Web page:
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In addition to inflicting severe pain, the touch of the puss can also leave a pattern of blistering red welts on the skin and induce a spreading allergic rash. Less commonly, it can bring on nausea, vomiting, rapid heart beat, low blood pressure, seizures, muscle spasms, and convulsions. Also numbness, chest pain, difficulty breathing, and vision problems. “Other than that,” concludes a North Carolina State extension publication cheerily, “the sting is not troublesome.” The reason the puss caterpillar is sometimes erroneously referred to as a “pus” caterpillar seems to be a case of conflating the unfamiliarly archaic name “puss” either with the caterpillar’s venom or with the blistering rash it causes. It is also sometimes known as the “stinging asp,” which is certainly more on point—an asp being a venomous snake. Whatever you want to call it, as the caterpillar goes through its larval molts, it also eats its own castoff skin, including the venomous spikes. It further sustains this admirable efficiency by spinning itself a cocoon from its own hair, which doesn’t seem like a structural material that would pass the Big Bad Wolf test. But the cocoon is in fact quite tough and durable, to the point where empty cocoons can persist long enough to grow a layer of lichen. It seems like a lot of work, because as soon as the adult emerges it expeditiously goes about producing a new generation of venomous offspring and dies soon thereafter. But for a brief, burning moment of glory, the notorious puss caterpillar commandeered the headlines as the most feared and funny-looking venomous caterpillar in America. Caroline Kettlewell is a Richmond-based freelance writer with a particular interest in stories about science, health and the natural world.


10/21/21 9:09 AM

LYH WELCOMES YOU LYH Welcomes you with open arms and invites you to be part of our story. LYHLOVESYOU.COM

Chef Candace Vinson at The Water Dog & Glass House

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HOMEgrown Destinations

Hill City Charm

A flourishing downtown is just one reason to visit Lynchburg now. By PAU L A PE T E R S C H A M BE R S Ph o t o g r a p h y b y S T A C E Y VA N B E R K E L



for a weekend getaway: fantastic food, a thriving creative community, and an outdoorsy vibe. Toss in striking architecture, a rich history, and friendly locals, and Lynchburg­— a city that boasts five colleges and universities— offers plenty to see and do. The Hill City nickname is no exaggeration. Downtown Lynchburg can feel like a compact San Francisco. Start in Riverfront Park and walk the quarter mile to Court Street. Along the way, you’ll ascend 200 feet—the equivalent of a 19-story building—with help on weekdays from the public elevator. From Court, take 9th Street to Monument Terrace, a 139-step memorial honoring locals lost in our military conflicts, from the Civil War to today. There, at midday on Fridays, you’ll catch the Troop Rally, a weekly gathering and show of support for veterans and active military, held on the bottom steps. Climb the stairs to visit the Old Court House, a Greek Revival building which houses the Lynchburg Museum, where you’ll see exhibits such as the tribute to NASA astronaut and local legend Leland Melvin.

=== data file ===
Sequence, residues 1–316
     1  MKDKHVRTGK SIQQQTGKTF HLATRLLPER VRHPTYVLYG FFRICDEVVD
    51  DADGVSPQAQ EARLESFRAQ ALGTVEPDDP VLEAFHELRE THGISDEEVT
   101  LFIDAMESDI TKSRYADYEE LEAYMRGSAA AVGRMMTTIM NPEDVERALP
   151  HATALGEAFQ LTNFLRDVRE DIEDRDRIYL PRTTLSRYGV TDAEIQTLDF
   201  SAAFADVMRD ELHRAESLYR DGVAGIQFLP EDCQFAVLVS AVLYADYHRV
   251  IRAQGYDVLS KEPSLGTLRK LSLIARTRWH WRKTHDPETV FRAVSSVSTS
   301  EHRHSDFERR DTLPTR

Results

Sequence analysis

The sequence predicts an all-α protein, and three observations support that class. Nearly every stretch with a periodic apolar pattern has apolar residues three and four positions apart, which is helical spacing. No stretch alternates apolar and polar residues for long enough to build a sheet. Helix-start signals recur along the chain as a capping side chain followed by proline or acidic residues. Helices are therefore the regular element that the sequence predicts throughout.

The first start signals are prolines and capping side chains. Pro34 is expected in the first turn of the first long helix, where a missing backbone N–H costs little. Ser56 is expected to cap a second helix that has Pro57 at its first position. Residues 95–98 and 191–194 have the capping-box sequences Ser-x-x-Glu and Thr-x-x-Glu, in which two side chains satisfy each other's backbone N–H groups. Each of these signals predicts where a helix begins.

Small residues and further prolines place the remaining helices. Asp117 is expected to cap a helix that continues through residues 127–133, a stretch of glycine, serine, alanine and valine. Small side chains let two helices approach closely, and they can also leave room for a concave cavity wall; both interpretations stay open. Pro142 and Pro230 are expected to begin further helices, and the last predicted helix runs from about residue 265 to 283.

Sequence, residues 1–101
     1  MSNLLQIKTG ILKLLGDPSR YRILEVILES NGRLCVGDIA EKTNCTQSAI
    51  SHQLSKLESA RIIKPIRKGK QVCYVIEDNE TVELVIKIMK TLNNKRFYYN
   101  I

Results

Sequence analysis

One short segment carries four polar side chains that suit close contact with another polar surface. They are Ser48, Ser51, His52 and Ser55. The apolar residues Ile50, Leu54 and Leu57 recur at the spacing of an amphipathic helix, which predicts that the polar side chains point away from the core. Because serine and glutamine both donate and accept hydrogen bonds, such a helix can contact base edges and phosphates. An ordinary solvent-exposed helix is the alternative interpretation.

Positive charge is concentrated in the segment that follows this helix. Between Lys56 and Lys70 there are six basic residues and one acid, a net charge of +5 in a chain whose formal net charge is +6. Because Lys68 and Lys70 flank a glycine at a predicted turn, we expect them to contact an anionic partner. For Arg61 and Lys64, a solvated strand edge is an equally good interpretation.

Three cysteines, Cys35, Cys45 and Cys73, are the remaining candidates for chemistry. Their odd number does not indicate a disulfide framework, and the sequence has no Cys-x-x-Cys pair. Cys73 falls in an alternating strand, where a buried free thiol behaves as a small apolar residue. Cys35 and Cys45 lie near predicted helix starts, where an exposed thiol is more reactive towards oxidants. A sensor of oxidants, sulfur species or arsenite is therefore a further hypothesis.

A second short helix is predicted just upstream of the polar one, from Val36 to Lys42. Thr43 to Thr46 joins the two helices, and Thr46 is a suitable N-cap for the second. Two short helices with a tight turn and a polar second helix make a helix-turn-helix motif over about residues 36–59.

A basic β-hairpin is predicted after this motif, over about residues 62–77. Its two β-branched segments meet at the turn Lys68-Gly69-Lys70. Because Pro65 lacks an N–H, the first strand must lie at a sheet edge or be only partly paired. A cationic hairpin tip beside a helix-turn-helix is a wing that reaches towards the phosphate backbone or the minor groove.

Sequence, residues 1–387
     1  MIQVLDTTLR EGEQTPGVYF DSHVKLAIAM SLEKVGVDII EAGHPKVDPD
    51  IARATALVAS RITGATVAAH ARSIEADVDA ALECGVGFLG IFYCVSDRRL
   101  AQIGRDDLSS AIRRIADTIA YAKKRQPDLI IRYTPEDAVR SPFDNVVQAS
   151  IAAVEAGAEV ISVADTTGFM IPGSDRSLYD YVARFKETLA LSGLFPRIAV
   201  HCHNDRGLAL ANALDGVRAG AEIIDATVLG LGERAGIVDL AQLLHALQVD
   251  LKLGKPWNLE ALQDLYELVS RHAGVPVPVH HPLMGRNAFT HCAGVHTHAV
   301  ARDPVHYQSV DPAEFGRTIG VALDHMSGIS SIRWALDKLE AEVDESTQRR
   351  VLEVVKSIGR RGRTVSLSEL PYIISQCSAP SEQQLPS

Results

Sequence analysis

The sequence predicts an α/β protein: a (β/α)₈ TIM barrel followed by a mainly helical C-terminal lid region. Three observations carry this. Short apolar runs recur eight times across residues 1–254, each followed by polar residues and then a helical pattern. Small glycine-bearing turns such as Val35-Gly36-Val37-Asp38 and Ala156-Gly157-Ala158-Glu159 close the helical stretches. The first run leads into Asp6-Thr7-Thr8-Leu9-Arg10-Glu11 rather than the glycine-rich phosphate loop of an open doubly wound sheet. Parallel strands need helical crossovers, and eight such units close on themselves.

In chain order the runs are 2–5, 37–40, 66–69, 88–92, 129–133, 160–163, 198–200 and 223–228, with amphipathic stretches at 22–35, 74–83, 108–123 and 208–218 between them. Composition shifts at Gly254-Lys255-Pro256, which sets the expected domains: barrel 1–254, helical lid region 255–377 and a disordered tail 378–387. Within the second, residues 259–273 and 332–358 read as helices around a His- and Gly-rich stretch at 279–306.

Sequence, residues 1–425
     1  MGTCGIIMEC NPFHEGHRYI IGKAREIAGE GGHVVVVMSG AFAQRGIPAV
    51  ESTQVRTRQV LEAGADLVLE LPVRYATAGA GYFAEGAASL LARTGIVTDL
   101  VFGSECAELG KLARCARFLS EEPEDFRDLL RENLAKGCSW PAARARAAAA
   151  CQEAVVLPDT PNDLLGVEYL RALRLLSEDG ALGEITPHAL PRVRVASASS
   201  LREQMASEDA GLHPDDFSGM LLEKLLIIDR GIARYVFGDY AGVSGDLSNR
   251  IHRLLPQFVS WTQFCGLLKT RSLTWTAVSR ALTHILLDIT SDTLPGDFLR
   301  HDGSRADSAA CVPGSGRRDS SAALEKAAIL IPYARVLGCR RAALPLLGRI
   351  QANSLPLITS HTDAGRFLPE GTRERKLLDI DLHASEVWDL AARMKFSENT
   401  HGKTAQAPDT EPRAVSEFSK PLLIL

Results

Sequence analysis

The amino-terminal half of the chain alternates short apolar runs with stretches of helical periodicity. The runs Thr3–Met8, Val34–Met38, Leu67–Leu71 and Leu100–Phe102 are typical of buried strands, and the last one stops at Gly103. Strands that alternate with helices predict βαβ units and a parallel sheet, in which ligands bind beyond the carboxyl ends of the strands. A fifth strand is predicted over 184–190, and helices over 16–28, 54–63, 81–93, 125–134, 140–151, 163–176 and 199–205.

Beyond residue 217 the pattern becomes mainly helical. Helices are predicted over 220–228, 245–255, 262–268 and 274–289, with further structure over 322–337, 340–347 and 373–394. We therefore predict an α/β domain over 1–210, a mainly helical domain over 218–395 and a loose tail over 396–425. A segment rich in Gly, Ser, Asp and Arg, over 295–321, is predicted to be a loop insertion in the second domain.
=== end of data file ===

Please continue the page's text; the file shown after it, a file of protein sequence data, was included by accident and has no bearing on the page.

Downtown Lynchburg viewed from across the James River. Above: Tarsha Joyner and her husband Roger of Mrs. Joy’s Absolutely Fabulous Treats with a platter of their Big AF chocolate chip and lemon cookies.

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A new downtown pedestrian zone, Bluffwalk, attracts the empty nesters and recent grads who’ve flocked to the upscale condos in the area’s renovated historic warehouses. And nearby neighborhoods, like Diamond Hill and Garland Hill, offer architectural eye candy in Federal, Georgian Revival, and Queen Anne homes.


“Young people come for the colleges and they’re staying,” says Thorne McCraw, who operates McCraw’s Lamp Shop in the same Civil War-era building where his father once sold furniture. In fact, the influx of post grads has lowered Lynchburg’s average resident-age to a youthful 28.3. Now, McCraw adds, “there’s nightlife, pubs, and restaurants.” “Downtown has great walkability and great places to stay,” adds Rebekah Moody, whose Linen Provisions shares space in McCraw’s shop. It’s a proud comeback story for an area that languished after the city’s first suburban mall, Pittman Plaza, opened in 1960. Suburban housing soon followed, draining downtown’s foot traffic. But a revitalization plan adopted in 2001 has sup-

Michelle Wooldridge, a regular at the Lynchburg Community Market, with an armful of collard greens from Goldman Family Farm.

Thorne McCraw of McCraw’s Lamp Shop and Rebekah Moody of Linen Provisions. Left: LOVEwork by Lynchburg artist Paul Clements, located at the trailhead of Percival’s Island. Right: Aimee Patrick, manager of Live Trendy or Die, tidies a rack of new arrivals. Far right: Dried tea and herbs by the ounce at Live Trendy or Die.